It is unclear where a terror suspect would be sent if he is acquitted.

Since 2002, Mr. Abu Ghaith’s activities have been something of a mystery. U.S. officials believe he has been a member of al Qaeda’s so-called management council in Iran, a group formed in 2002 to advise bin Laden and provide support to the group’s leaders in Pakistan. Bin Laden was living in Pakistan when U.S. forces killed him in a May 2011 raid.

White House officials became angry when Turkey didn’t immediately hand over Mr. Abu Ghaith after his arrival in that country, said a former U.S. official familiar with the matter. The route to the U.S. through Jordan appears to have provided an alternative more palatable to Turkish officials.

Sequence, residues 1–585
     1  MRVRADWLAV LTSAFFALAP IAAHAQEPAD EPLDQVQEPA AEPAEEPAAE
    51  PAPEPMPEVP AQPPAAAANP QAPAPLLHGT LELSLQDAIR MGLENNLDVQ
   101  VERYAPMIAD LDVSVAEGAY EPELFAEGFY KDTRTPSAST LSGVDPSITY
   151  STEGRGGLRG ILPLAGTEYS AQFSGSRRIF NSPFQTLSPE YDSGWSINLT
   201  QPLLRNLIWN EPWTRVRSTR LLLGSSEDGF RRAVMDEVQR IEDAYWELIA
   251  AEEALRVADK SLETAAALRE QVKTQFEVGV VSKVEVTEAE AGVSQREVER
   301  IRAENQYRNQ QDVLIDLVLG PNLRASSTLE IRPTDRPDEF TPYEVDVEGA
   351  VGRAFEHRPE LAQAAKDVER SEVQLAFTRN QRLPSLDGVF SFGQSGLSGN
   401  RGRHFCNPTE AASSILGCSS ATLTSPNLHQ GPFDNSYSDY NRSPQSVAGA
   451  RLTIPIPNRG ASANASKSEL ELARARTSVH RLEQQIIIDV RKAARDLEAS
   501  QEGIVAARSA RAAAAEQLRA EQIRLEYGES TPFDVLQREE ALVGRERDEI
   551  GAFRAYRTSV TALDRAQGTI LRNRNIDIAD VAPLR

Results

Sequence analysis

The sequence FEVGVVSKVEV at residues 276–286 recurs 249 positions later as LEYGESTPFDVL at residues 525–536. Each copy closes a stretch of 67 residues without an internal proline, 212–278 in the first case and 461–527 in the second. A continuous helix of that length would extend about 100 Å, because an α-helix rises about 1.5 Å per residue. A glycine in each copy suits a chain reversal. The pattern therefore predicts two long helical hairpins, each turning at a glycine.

The capture of Mr. Abu Ghaith is significant because it takes a key player out of the game and will provide “a much better firsthand understanding of the Iranian dimension to al Qaeda,” said Seth Jones, an al Qaeda specialist at the nonprofit research institution Rand Corp.

Iran has provided sanctuary in effect to several senior al Qaeda leaders over the years, said Mr. Jones. Some al Qaeda operatives fled to Iran when the U.S. opened its Afghan offensive in 2001.

Since then, these operatives have used their Iranian beachhead to communicate, move money and recruit members, Mr. Jones said. Some lower-level al Qaeda operatives also are believed to be in Iran. Why Mr. Abu Ghaith went to Turkey isn’t clear.

“For him to have actually left the country, he would definitely have known he was taking a big gamble,” Mr. Jones said.

The Iranian Mission to the United Nations didn’t immediately return messages seeking comment.